Review: Don’t fall for Rishi Sunak’s Prime Minister symbolism


Editor’s note: Kehinde Andrews He is Professor of Black Studies at Birmingham City University and author of The New Age of Empire: How Racism and Colonialism Still Rule the World. The opinions in the comment are his own. See more reviews on CNN.



CNN

Britain welcomed its first non-white prime minister, Rishi Suna, a practicing Hindu, on the first day of the Diwali festival. You’d be forgiven for thinking this is a ray of light for race relations, and it’s already being heralded as a “historic moment”, marking a change since Suna was born in 1980 when there were no black or Asian members of Parliament. .

Unfortunately, rather than a sign of progress, this is a serious case of being careful what you wish for.

For starters, we should remember that Suna was not elected—he was accepted after the other conservative candidate for the top job failed to meet the nomination threshold—so that tells us little about voter attitudes toward racial minority candidates.

Indeed, in Sunak’s only public vote for leadership, among members of the Conservative Party, he lost convincingly to perhaps the most inappropriate prime minister the country has ever seen, Liz Truss.

It is remarkable that members of Parliament were so keen on Monday to ensure Sunak was unopposed that there is no better certainty that he would fare better in a second poll later in the week with the Conservative Party’s broader, disproportionately white, male and older membership. .

Sunak was heavily backed by conservative members of parliament, who rallied to install him as leader. This is his constituency, which he really represents.

The current iteration of the Tories lacks even the pretense of compassion. This is the party that voted behind the xenophobic “Little England” Brexit campaign, which promised to keep foreigners out and restore Britain to its former (colonial) glory.

This is the party that brought in the most racist immigration laws in British history, including the hostile environment that led to the Windrush scandal and the recent plan to deport asylum seekers to Rwanda.

It is the party that commissioned the report claiming that institutional racism no longer exists. It is the party that brought in a police bill that would impose the biggest penalty for state damage in 10 years, more than some offenders have been sentenced for rape, according to the Labor Party.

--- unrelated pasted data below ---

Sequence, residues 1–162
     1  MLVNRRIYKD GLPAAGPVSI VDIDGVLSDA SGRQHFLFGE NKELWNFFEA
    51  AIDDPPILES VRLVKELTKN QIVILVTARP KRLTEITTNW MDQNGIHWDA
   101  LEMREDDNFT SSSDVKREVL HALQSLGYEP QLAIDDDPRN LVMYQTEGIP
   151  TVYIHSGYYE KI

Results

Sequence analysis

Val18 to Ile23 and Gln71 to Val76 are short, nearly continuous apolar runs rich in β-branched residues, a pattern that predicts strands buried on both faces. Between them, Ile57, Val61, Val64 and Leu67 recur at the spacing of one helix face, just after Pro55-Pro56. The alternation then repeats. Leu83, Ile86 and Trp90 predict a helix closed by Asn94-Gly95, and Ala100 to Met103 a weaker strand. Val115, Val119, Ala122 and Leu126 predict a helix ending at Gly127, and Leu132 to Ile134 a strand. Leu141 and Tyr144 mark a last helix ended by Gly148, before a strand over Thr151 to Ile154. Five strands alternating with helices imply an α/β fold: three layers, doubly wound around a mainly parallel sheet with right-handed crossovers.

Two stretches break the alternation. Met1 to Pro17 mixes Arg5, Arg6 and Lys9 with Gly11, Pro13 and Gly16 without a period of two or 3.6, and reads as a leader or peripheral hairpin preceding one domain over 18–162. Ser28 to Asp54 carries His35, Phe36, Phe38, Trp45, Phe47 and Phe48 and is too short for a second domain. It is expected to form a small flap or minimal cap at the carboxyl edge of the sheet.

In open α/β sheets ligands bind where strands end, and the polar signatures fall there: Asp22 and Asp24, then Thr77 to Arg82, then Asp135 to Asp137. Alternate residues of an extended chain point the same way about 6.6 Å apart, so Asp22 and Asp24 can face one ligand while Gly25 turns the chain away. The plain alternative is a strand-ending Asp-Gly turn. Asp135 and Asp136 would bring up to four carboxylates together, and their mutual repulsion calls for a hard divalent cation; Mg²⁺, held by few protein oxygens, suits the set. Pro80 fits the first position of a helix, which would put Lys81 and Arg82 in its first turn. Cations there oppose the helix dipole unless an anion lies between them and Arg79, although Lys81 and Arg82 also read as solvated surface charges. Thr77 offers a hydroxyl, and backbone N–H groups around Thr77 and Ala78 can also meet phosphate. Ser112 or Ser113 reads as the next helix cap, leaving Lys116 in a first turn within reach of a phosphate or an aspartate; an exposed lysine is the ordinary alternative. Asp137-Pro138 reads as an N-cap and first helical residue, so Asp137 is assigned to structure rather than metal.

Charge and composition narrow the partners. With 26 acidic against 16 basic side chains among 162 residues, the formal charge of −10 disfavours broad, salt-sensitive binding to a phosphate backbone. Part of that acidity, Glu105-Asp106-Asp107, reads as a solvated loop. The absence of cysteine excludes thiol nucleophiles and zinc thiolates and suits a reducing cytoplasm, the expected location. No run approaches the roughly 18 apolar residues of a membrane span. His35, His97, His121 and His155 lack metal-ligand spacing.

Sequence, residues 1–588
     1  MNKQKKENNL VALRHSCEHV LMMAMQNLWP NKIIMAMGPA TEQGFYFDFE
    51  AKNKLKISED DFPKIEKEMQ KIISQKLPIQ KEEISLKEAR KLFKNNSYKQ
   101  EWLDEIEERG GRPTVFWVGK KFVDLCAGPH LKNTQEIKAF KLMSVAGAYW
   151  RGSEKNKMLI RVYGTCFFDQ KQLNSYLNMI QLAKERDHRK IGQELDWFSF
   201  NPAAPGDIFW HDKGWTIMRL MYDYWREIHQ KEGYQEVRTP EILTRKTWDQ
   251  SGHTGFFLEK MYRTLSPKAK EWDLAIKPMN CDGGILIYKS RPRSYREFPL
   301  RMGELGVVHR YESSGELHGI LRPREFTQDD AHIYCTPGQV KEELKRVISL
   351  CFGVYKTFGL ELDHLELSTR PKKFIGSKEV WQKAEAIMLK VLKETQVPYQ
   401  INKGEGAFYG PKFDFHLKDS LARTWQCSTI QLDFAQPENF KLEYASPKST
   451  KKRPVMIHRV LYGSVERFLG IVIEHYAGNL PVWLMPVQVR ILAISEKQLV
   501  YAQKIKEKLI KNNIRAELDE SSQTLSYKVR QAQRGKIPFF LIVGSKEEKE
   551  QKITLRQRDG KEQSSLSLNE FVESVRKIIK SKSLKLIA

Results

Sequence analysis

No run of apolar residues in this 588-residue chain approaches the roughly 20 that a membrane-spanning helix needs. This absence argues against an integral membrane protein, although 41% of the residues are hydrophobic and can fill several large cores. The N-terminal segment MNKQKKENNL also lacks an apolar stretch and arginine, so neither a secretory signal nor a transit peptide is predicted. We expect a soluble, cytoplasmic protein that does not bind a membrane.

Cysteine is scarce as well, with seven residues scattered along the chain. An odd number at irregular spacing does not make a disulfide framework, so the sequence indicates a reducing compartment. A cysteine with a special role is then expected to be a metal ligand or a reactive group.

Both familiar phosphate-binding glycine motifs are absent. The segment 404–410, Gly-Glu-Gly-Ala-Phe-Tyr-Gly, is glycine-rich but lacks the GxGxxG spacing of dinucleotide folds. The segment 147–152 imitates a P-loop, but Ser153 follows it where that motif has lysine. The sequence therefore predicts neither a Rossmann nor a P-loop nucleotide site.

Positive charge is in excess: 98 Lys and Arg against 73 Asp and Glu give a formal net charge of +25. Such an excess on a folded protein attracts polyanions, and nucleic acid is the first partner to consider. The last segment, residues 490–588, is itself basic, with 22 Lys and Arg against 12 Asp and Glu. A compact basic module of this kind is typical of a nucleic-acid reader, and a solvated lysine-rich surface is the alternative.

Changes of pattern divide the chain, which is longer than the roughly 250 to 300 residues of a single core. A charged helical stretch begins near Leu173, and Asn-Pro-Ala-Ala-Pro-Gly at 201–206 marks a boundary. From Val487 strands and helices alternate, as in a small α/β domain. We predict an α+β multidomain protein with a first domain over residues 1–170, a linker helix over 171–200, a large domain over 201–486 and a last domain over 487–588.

Suna is not directly aware of any of these policies, but fully supports them. In his failed leadership campaign, he reaffirmed his Rwandan policy and sought to promote his anti-awakening credentials by condemning those who were trying to suppress traditional British values.

Sunak has a degree in philosophy, politics and economics from Oxford University and made a fortune in investment banking before joining one of the most right-wing governments in history.

He backed Brexit, wants to cut taxes and is expected to introduce a new round of austerity to balance the books.

Just because his skin is brown and his parents are immigrants doesn’t mean he automatically has any affinity with the millions of black and brown citizens who are victims of his party and its policies. His rise through the ranks of the Conservative Party proves that race doesn’t matter if you wholeheartedly support the party line.

It may be tempting to fall into symbolism, but Sunake does not represent Britain’s racial minorities. Migrant histories are too varied for a single person to do so.

The British Empire was vast, with a range of experiences that influence communities today. Sunak’s parents came from India from East Africa. The British invited Indian immigrants to the African continent almost to act as a buffer between the natives and the colonizers. (And as a source of cheap labor).

The relative prosperity of Indians on the continent and the tension of many anti-black attitudes came to a head when Idi Amin seized power in Uganda and expelled the Asians from the country in 1972.

This migration history is so different for those who migrated directly from India or Pakistan and Bangladesh that it is foolish to expect it to represent all Asians in Britain.

Race relations are much more complex than white and non-white. There are various attitudes, histories and controversies that imply that the only people Suna can represent are conservative politicians.

Unfortunately, conservatives have learned to play identity politics to perfection. Elevating racial minorities to prominent positions provides diversity to hide the party’s racist policies.

It cannot be a coincidence that the agenda for racist immigration policies has been delivered by a retinue of Asian home secretaries. It is almost impossible to imagine a white politician proposing to deport immigrants to Rwanda, but Priti Patel, whose parents are Ugandan Indians, could get away with such draconian measures without being accused of racism.

It was no coincidence that the most prominent defender of Britain’s whitewashed school curriculum was Kemi Badenoch, whose family is Nigerian, and when she was equalities minister, she used her Black History Month speech to defend Britain’s colonial history and declare it illegal for schools. To talk about White Privilege.

It is a terrible irony that the more diverse the Cabinet, the more at risk black and brown citizens find themselves. I am truly terrified of the prospect of Sunake becoming Prime Minister, because when the Prime Minister of this Conservative Party is brown, anything becomes possible.

It tells the nature of the threat that when I really have hope, he feels the need to surround himself with crappy white men to prove his credentials.

So please don’t celebrate. This is certainly the case when diversity is antithetical to racial progress.